I recently had similar goals described by the OP, i.e., a "sessionable" IPA that emphasizes flavor and aroma, or an Extra Pale Ale (XPA). I found success with using BeerSmith and shooting for the very low end of the style guidelines for OG, IBU's, and ABV, while keeping FG and ABV in the low-average range.
Due to higher hop charges needed, I found more bitterness than I would like if I did all late hopping (including aroma steeping at or past knockout)--I think the reason for this is that IBU's continue to get extracted when wort temps are elevated (albiet slowly). I do 10 gallon batches and use a 50 ft IC. Your experience may be different with other batch sizes/methods.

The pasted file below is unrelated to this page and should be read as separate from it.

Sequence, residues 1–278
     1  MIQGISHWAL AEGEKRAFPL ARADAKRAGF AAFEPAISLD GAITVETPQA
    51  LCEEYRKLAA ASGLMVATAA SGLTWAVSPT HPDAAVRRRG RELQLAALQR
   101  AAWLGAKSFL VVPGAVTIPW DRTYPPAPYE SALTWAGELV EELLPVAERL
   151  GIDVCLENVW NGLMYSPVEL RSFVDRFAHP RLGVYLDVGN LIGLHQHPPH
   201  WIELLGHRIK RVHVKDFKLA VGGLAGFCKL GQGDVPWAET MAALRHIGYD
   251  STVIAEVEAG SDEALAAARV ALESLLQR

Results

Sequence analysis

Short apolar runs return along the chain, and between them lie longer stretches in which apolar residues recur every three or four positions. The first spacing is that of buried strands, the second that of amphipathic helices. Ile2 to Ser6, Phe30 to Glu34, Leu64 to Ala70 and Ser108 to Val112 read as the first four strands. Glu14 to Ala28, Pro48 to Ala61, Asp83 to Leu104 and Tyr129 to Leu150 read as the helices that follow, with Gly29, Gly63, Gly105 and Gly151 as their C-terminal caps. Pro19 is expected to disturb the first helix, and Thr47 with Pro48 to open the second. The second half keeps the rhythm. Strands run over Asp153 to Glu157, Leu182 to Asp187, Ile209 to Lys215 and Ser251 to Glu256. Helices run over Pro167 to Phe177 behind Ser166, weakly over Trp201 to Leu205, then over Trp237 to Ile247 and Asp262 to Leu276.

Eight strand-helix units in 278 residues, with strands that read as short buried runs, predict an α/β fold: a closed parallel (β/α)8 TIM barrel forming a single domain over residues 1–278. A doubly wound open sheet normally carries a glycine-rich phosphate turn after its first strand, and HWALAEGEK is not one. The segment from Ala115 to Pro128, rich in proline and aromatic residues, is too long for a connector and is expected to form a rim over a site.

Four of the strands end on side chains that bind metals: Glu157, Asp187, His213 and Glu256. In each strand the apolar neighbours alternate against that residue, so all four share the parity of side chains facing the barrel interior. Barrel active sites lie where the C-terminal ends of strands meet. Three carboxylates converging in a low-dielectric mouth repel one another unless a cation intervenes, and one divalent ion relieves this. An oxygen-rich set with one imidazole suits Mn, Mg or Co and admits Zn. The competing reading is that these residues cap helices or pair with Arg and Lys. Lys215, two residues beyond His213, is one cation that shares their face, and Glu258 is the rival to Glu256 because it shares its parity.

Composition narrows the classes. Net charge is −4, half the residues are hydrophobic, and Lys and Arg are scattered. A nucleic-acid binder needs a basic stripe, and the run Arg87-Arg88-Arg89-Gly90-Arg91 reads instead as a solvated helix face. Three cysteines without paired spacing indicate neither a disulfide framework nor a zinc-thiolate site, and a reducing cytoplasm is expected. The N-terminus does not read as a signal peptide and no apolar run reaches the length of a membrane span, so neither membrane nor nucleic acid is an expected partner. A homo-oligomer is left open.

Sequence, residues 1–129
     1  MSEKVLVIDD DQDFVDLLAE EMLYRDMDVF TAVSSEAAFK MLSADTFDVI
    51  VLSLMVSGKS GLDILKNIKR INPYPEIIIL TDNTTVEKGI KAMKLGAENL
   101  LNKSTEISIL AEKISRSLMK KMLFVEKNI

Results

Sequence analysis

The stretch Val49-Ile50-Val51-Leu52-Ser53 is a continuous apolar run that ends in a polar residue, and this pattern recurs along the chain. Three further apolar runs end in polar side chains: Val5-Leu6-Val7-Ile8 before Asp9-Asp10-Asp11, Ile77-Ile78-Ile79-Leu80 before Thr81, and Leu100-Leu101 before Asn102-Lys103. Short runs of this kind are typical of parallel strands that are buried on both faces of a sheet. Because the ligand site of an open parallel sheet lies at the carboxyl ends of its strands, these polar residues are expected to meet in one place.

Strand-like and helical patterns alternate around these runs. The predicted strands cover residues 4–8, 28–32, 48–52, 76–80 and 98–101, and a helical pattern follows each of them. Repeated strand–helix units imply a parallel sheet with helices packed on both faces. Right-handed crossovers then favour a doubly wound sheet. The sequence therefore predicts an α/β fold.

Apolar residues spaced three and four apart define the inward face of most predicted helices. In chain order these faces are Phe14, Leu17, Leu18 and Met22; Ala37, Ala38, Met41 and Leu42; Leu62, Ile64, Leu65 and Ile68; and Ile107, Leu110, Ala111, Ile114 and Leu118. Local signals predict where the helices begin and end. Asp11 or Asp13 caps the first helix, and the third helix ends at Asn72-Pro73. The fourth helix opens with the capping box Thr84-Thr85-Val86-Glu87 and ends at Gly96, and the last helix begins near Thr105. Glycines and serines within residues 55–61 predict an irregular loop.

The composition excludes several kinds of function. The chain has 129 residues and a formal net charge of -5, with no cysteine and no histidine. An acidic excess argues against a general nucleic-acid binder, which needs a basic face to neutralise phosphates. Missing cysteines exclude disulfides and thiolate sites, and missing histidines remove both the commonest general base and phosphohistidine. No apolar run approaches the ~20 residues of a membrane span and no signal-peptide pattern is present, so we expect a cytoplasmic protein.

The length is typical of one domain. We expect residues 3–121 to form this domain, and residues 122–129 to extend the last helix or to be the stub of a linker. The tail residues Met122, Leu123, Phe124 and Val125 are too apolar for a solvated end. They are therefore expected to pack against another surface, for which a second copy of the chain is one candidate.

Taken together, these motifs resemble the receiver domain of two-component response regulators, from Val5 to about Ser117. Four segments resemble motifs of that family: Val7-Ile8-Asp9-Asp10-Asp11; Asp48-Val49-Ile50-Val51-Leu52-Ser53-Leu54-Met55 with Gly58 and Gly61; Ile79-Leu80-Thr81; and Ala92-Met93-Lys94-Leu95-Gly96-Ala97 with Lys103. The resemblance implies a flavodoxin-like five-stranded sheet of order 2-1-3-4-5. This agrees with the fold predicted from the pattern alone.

I would stick with a small amount of high AA hops (e.g., Magnum) with clean bittering and focus more on small additions of the Cascade hops from 40 minutes down to knockout to get the flavor complexity.
Aroma hopping can be achieved with aroma steeping and/or dry hopping. I find aroma steeping to be cleaner and more subtle (yet approachable--it appeals to a wider audience of non-craft beer drinkers), while dry hopping gives us craft beer drinkers the "Wow!" we're looking for--however, the higher aroma levels often comes accompanied by grassy flavor and aroma notes that many non-craft beer drinkers struggle with initially). I find dry hopping's flavor/mouthfeel contributions seem to heighten my perception of hop bitterness and lessen my perception of the malt and hop flavor contributions. YMMV.
Try a split batch and only dry hop one keg to see which way you'd like it personally.